There are probably more jokes about automobiles than about anything else – except, perhaps, mothers-in-law.  And when it’s a joke about a mother-in-law behind the wheel – hoo-eey, now THAT’S a joke!  Metro Traffic School would like to brighten your day by displaying a few of the better auto jokes.  If you have a favorite driving story, feel free to share it with us as well!

Here goes:

  • A guy walks into an auto parts store and tells the clerk: “I’d like a gas cap for my Kia.”  The clerk replies:  “Sounds like a fair trade to me.”
  • A boastful Western rancher was visiting a truck farmer in Vermont.  The farmer proudly showed him his tomatoes, cucumber vines, corn and pumpkin patch, and the tiny pond used to water the one cow.  The rancher was astonished at how small the farm was, and arrogantly told the farmer “Back on my ranch I’d get in the car before the sun was up and drive and drive and drive for hours, and by the time the sun set I’d only be half way across my ranch!”  “Yeah” replied the farmer sympathetically, “I used to have a car like that, too.”
  • The Pope arrives in New York City and is met by a chauffeured car.  It’s a brand-new and very sporty model, so the Pope asks the chauffeur if he can drive it for a while.  After hesitating, the chauffeur agrees.  After all, how do you say no to the Pope?  So the Pope gets behind the wheel and steps on the gas!  He’s going down the road at 100 mph when a policeman pulls him over.  When the cop sees who’s behind the wheel he tells the Pope to wait a minute, please, and goes back to his squad car to radio the chief, saying “Hey chief, I’ve got a real problem out here.”  The chief asks “What kind of problem?”  Cop: “I pulled over this guy for speeding, but it turns out he’s real important.”  Chief: “How important, like the Mayor?”  Cop: “No, more important than that.”  Chief: Important like the Governor?”  Cop: “More important than that.”  Chief: “Like the president?”  Cop:  “Way more important.”  Now the chief scoffs: “C’mon, who’s more important than the president?”  Cop:  “I dunno, but he’s got the Pope driving for him!”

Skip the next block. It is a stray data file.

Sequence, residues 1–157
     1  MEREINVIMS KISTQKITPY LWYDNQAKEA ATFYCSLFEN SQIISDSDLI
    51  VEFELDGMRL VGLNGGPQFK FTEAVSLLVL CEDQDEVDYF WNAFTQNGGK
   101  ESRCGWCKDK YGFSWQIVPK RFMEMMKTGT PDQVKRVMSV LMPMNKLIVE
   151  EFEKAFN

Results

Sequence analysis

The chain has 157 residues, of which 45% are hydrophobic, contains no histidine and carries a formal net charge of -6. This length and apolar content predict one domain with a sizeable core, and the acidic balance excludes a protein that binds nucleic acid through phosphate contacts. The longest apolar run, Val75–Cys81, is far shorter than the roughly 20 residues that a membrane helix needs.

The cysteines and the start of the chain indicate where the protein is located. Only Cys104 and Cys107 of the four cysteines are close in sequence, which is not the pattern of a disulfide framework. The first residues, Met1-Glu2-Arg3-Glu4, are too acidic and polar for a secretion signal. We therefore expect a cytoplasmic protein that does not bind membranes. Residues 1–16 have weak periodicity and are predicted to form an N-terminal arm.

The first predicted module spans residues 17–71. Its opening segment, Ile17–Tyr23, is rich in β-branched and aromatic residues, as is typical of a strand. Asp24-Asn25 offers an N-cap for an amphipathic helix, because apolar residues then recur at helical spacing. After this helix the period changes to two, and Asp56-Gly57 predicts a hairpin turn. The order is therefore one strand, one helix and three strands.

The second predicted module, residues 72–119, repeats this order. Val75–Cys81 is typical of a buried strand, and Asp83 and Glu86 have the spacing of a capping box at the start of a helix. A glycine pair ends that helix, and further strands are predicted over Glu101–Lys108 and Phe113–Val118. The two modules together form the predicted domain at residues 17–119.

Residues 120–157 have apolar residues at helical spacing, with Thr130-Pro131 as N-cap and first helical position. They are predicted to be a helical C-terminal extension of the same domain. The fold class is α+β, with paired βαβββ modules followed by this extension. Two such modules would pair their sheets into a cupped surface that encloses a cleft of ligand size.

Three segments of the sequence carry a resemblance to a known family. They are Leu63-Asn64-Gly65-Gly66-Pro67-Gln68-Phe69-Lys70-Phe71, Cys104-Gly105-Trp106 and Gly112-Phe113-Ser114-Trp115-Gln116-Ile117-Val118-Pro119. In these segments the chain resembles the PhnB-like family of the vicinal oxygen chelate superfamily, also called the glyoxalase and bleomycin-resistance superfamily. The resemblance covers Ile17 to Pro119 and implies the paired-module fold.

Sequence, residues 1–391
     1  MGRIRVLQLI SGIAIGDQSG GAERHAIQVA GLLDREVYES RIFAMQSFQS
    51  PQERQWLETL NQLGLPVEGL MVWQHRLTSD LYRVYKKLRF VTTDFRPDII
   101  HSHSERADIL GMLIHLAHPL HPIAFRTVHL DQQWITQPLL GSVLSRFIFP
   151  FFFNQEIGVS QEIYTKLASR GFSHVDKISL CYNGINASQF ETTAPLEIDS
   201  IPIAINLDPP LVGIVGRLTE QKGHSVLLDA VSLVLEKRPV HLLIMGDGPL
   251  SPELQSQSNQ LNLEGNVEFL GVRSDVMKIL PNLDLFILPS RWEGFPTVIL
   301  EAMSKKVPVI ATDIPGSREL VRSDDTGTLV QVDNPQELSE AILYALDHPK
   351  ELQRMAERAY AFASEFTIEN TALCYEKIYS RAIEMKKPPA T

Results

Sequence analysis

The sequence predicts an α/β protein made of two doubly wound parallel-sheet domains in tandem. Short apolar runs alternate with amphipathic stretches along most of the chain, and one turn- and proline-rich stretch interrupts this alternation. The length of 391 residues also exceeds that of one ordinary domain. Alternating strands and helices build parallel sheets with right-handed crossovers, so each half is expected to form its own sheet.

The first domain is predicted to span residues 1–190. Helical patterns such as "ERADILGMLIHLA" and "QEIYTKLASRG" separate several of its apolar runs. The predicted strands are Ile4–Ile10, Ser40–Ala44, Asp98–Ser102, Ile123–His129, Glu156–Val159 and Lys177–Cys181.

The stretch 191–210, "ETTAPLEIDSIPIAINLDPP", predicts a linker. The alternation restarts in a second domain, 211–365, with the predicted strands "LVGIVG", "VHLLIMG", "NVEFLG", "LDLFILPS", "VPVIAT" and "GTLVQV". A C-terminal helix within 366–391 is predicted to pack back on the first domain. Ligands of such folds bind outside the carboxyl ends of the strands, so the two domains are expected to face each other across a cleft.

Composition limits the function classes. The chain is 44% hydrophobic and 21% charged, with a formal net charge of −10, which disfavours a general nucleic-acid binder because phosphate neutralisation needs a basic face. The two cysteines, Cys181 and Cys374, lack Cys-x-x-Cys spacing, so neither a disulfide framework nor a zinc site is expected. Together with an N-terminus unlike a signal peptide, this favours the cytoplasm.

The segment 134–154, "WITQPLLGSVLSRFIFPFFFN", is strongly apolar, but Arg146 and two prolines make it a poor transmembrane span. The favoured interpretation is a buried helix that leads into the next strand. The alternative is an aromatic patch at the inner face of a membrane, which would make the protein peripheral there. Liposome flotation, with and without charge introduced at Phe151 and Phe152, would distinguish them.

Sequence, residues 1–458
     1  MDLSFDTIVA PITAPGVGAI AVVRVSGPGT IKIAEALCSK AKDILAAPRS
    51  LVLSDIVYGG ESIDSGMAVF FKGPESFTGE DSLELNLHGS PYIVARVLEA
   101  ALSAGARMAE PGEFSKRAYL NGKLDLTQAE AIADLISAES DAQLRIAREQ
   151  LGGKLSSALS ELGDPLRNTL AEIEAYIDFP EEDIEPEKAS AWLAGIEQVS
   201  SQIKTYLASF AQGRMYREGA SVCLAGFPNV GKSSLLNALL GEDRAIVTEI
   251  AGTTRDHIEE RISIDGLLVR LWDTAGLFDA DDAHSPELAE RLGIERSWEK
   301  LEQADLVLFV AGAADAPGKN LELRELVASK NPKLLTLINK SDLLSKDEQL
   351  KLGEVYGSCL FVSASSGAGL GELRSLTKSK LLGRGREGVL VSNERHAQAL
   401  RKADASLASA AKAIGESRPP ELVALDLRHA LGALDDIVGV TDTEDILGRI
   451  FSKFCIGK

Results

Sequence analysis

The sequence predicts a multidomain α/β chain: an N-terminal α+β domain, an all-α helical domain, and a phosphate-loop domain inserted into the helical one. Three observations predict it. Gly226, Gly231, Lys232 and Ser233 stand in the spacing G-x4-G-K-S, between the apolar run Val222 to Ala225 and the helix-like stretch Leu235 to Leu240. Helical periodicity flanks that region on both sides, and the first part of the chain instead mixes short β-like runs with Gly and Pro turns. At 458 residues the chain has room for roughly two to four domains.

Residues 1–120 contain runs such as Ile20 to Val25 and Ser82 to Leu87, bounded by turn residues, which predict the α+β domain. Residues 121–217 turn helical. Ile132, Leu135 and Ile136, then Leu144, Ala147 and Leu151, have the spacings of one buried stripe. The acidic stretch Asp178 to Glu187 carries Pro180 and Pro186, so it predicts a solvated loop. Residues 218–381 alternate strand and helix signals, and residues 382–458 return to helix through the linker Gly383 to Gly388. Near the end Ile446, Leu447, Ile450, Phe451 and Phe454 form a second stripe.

• Remember:  Children in the backseat can cause accidents, and accidents in the back seat can cause children!
  • A mechanic was working in his shop late one night when a man rushes in and yells “Please, you’ve got to help me!”  “What’s wrong?” asks the mechanic.  “I keep thinking I’m a moth!” replied the man.  The dumbfounded mechanic says “Well, I’m sorry to hear that, but you need a psychiatrist, not a mechanic.”  “Yes, I know” says the man, now much calmer.  “Well then,” asks the mechanic, getting angry, “why did you come in here?”  The man says “Your light was on.”

My Wheels.

goodyear

We have been referring to our automobiles as “my wheels” since the 1930’s, reflecting the importance of those four circular tubes that keep our vehicle rolling, come rain or come shine.  Automobile tires have come a long way since Fred Flintstone chiseled his out of solid stone, and so let’s take a little trip down History Lane for some interesting background on the automobile tire – that appendage we rarely think about, unless it goes flat or is worn bald.